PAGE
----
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Bridge Michigan
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Michigan doesn’t track school security – or fund safety office it created

How prepared are Michigan schools to thwart a mass shooting?

It’s difficult to tell, because of minimal state-level regulation and reporting.  

No office collects or records what schools across the state are doing to thwart school shooters, according to Nancy Becker Bennett, director of the grants and community service at Michigan State Police, who serves as the state’s point person for school safety.

While most schools have an emergency plan for armed intruders and other crises, they haven’t been required by the state to have a plan or to follow certain minimum standards, Bennett said. Schools will for the first time be required to have emergency plans in 2020.

And an Office of School Safety, created by the Legislature in December to address issues raised by a 2018 task force on school safety, exists on paper only because neither the Legislature nor the governor’s office has proposed funding it.

There have been 16 multi-victim shootings in U.S. public schools since 1996, with an average of 10 students shot and killed per year. Michigan schools have avoided any mass shootings so far, and school districts contacted by Bridge have both hardened their schools security protections with steps such as locking outside doors, and undergone extensive training.

Related: Shooter drills. Anxious teachers. Flying staplers. Michigan schools prepare.

The state has helped, distributed $56 million in state grants in the past five years to schools for safety improvements. Former Gov. Rick Snyder signed several school safety bills into law in December. The new laws create the School Safety Commission and the Office of School Safety within the Department of State Police, aimed at developing model safety practices and training for Michigan schools, K-12 school districts, charter schools and intermediate school districts.

One of the laws passed in 2018 will require schools to come up with emergency plans by January 2020 and regularly review them with police agencies. They’ll also have to discuss school safety with law enforcement before building or renovating schools. School boards will be allowed to meet in closed session to talk about school security plans.

The laws also require new training for law enforcement officers and require school districts to report certain crime incidents to the state.

The state already requires schools to conduct three lockdown drills each school year – two during class times and one during a time when students are not in classes.

Michigan State Police last year awarded $25 million in grants to schools to spend on equipment or technology to improve school security.

No office, though, records what school security steps are being taken at different schools.

“There is no mandate on what schools need to do to harden their schools,” Bennett said. “And no one is required to keep track of that.”

In 2018, a state school safety task force released a 32-page report with recommendations for school emergency plans, including the installation of solid-core, outward-opening doors, anti-intrusion devices and access to a two-way public address system.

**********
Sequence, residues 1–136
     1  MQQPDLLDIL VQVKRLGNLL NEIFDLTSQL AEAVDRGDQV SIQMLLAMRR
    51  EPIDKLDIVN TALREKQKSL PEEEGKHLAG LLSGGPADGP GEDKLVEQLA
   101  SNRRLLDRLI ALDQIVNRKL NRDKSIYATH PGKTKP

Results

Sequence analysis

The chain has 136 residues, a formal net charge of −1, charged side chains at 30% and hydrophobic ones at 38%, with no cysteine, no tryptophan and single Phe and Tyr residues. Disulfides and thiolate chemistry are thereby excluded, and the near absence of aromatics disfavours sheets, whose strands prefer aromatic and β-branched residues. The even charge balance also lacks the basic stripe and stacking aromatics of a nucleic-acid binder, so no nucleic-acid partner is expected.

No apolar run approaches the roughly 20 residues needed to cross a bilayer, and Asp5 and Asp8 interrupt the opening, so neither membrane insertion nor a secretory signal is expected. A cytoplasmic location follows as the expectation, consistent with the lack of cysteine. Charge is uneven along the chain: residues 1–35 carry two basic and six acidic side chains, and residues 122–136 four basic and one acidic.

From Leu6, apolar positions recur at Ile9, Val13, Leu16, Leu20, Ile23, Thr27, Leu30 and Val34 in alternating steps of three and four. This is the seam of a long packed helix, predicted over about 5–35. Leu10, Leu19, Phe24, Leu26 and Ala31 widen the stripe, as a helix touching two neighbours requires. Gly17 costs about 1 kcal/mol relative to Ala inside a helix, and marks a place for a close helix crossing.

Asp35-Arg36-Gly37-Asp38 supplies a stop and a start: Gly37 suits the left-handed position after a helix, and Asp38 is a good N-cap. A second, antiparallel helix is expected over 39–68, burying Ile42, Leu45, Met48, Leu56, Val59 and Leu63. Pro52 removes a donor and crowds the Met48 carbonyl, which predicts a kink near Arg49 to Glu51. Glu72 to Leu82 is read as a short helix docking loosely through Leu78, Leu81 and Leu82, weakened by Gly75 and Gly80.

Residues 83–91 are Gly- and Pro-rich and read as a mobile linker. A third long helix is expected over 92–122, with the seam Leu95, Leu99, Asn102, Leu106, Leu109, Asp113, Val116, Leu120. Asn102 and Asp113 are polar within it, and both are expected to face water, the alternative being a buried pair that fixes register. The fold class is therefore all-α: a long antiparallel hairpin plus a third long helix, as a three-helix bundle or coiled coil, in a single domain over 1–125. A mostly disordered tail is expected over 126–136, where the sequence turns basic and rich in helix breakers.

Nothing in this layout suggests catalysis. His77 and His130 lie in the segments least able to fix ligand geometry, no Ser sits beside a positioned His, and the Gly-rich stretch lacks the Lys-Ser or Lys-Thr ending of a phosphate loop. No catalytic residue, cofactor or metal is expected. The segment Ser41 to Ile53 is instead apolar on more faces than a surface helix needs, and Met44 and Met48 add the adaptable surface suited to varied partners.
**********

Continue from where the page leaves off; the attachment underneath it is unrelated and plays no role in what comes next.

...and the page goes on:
They are recommendations, not mandates, Bennett said. The state does not track what type of emergency protocols are followed by schools. “We simply encourage whatever (emergency plan) they choose, that they practice it,” Bennett said.

Letting local officials make the call on how to handle emergencies in their own buildings makes sense because “they know their buildings,” Bennett said.

But J.P. Adams, director of operations for Grand Blanc Community Schools, says local control of emergency operation plans can also lead to disparities in safety.

Michigan State Police endorse the ALICE active shooter plan of Alert, Lockdown, Inform, Counter, Evacuate. Grand Blanc was an early adopter of that plan, which includes “countering” a shooter by throwing things at them as a last resort to throw off their aim and allow the possibility of escape.

“I know schools that are still doing the same thing they’ve done for 20 years – wait in a corner to die,” Adams said.

Bennett said the new Office of School Safety was the Legislature’s attempt to consolidate statewide school security issues. The office is to create model practices and offer training to school districts. Bennett was named director of the office, but it has yet to receive funding.

“There is nothing currently in the pipeline for the Office of School Safety,” said Kurt Weis, spokesperson for the Department of Technology, Management and Budget. Weiss said the State Budget Office didn’t include funding for the office in either the Fiscal Year 2020 budget recommendation or in any of the supplemental requests current Gov. Gretchen Whitmer has sent to the Legislature. 

“It’s correct to say that the State Budget Office has not requested funding for it,” Weiss said. “But as you know, budget negotiations are upcoming, and this could be an item that gets further discussion before the budget is done.”

Tiffany Brown, a Whitmer spokesperson, wrote Bridge in an email: “We are in the initial stages of the budget negotiation process with the Legislature and this could very well be something that receives further discussion and is added to the budget, but as of now, there is no funding request for the Office of School Safety.”

Trey Hines, chief of staff for Rep. Larry Inman, R-Traverse City, chair of the House Military and Veteran Affairs and State Police subcommittee, also held out the possibility of funding for the school safety office. 

“We are still in conversation with MSP (Michigan State Police),” he said. 

Without funding, he added, “MSP will not be able to be comply with act in the meaningful way the legislature intended.”

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